Monday, April 16, 2012

Austerity measures - digging out of the fiscal hole

Governments constantly tell us of the need to cut costs. Fair enough that it is important not to waste money - spending should be stripped back wherever we can identify how to stop wasting it. But usually cutting costs is more about struggling with too much worthy* stuff to spend it on, and just not enough dollars to do so.

At the moment, the need to be frugal - or austere - is particularly pertinent. Ministers are stressed about debt levels and retaining surpluses - as always. Commissions and taskforces (like the Victorian IRSF) are modeling future expenditure and telling us we need to find ways to reduce it, particularly given pessimistic income forecasts.

One thing no government taskforce will bother doing is looking at the past and identifying what spending paradigm put us in this position, or what we should have been doing a decade ago to have a more financially sustainable public sector.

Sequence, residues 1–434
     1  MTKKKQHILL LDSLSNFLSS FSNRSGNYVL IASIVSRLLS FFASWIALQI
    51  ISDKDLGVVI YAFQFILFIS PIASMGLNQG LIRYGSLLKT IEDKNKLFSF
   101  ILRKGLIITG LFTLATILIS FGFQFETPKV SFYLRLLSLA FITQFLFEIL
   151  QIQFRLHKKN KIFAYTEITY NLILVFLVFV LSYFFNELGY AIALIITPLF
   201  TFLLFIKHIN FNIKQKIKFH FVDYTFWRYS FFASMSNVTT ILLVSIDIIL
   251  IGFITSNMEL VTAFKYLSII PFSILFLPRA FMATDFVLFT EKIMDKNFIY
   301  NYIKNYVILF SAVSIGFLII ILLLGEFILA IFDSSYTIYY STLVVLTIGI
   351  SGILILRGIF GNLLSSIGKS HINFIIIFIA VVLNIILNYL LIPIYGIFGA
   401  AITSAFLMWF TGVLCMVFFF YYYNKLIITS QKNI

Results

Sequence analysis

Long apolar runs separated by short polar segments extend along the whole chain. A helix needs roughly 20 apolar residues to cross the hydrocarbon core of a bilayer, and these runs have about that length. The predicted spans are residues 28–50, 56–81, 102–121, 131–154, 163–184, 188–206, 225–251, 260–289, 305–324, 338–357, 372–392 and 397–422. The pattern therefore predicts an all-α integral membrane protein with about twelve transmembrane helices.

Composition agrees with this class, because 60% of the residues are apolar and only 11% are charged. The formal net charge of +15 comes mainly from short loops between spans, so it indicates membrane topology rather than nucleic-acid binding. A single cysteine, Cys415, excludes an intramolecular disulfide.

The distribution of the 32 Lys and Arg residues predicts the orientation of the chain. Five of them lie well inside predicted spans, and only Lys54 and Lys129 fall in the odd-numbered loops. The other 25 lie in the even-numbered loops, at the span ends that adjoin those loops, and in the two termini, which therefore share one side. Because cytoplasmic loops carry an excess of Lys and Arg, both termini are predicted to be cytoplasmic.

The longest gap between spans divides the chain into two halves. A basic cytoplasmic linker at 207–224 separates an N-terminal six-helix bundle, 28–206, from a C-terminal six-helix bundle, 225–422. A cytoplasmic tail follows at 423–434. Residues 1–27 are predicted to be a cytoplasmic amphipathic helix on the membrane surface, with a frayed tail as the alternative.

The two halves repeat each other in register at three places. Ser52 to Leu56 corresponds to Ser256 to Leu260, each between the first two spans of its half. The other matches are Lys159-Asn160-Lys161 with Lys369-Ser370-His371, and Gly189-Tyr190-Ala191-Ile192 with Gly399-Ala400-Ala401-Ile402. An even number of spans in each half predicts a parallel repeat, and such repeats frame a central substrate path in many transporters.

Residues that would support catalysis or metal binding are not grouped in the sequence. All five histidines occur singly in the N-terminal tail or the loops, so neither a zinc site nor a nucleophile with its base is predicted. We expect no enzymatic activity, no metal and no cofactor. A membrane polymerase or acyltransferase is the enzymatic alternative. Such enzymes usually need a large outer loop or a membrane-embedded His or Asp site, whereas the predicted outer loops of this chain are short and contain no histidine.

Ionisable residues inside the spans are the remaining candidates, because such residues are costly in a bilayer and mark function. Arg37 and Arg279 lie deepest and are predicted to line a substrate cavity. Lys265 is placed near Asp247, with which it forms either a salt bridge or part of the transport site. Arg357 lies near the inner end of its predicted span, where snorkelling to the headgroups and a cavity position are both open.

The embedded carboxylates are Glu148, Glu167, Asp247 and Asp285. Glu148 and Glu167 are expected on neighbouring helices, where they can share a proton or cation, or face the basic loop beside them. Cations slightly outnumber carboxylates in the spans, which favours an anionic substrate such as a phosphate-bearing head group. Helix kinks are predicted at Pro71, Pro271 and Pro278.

Just imagine if they did - the conclusion would probably be that we needed to devote resources to investing in and adapting for the future. You know what that would mean? More spending. It's not really ironic, unless you think the most important fiscal imperative is austerity, cutbacks, and forcing 'efficiency' by limiting funding (rather than identifying waste). But it is incredibly important.

Einstein said - apparently - that you don't get out of a hole with the same thinking that got you in there. But that's exactly what governments around the world are attempting to do.

1 comment:

  1. Couldn't agree with you more. There is another saying that seems to be forgotten in this polarised debate: 'investing in our future'. If we look at our system as a pantry cupboard, someone in the kitchen hasn't invested in the recipes, fridge, basic essentials and fed the vege beds out the back. All of the sudden the pennies are a little tight and the only thinking I hear is lets cut the flour from our budget despite us needing to make bread to eat. Nat